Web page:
New SEC rules on auditor independence have forced PricewaterhouseCoopers (PwC) to sell its US corporate value consulting (CVC) arm to Standard & Poor.
The CVC unit had revenue of around $100 million last year and employed 400 employees in 13 US offices. No figure on the deal has been released.
The CVC division provides valuation and value analysis to major American companies for financial reporting, tax, business combinations, corporate restructurings, capital allocation, and capital structure purposes.
But strict new rules - ironically brought on by the discovery of over 8,000 audit independence violations at PwC - have meant that firms cannot provide as full range of services without the risk of incurring the wrath of the SEC.
PwC's CEO James Schiro said: "We are very pleased that a company of the quality and integrity of Standard & Poor’s has acquired our CVC unit. We built CVC into a $100 million business and now, free of the audit-related regulatory constraints the unit faced as part of our firm, its market potential can be further unleashed."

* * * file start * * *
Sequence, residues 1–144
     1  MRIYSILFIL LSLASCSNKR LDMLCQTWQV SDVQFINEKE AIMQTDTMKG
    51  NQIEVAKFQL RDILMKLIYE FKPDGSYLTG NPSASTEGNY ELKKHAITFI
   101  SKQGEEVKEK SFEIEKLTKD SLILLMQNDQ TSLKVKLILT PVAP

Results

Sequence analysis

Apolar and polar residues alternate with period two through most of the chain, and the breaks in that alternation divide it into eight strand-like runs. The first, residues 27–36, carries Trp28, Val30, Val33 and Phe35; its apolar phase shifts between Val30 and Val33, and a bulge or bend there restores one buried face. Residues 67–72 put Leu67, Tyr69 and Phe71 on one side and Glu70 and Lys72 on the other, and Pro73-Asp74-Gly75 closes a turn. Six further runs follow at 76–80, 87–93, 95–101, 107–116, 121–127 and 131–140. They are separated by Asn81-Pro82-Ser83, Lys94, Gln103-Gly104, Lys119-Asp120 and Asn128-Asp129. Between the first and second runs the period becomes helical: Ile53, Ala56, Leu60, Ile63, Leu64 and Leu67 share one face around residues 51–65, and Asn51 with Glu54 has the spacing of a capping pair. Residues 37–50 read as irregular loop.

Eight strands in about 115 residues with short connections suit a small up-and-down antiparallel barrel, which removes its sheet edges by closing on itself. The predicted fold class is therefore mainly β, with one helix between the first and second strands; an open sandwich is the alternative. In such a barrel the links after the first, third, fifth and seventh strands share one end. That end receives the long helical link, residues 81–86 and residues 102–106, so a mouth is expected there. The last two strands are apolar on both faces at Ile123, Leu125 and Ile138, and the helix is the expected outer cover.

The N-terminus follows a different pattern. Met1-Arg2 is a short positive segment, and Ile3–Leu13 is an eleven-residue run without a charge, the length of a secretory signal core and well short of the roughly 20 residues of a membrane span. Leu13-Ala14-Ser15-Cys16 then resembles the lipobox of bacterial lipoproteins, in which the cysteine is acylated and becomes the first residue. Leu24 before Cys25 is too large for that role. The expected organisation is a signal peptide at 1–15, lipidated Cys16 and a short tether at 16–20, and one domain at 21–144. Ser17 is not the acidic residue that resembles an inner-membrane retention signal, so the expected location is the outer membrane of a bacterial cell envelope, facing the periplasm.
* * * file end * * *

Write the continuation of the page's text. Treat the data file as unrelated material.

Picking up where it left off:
Upon the closing of the transaction, CVC will be called Standard & Poor’s Corporate Value Consulting and will be part of the Standard & Poor’s organization.
CVC will be led by PwC partner Philip Clements, who will become an executive vice president of Standard & Poor’s, reporting directly to Standard & Poor’s President, Leo C. O'Neill. The company will be headquartered in New York City and will maintain its existing offices in 12 other cities across the U.S during a transition period.
"CVC looks forward to joining Standard & Poor’s," said Clements. “This transaction brings together two businesses that provide complementary financial analysis work centered around objectivity and integrity and that share similar corporate cultures. Standard & Poor’s long-standing tradition of providing independent, third-party objective analysis coupled with its strong management, resources and brand identity, will enable CVC to realize its full business potential.”
The transaction is subject to standard closing conditions, including approval by the Securities & Exchange Commission. The announcement coincided with the day that it was revealed academics have found that the provision of consulting services to audit clients can have a serious effect on the firm's perceived independence.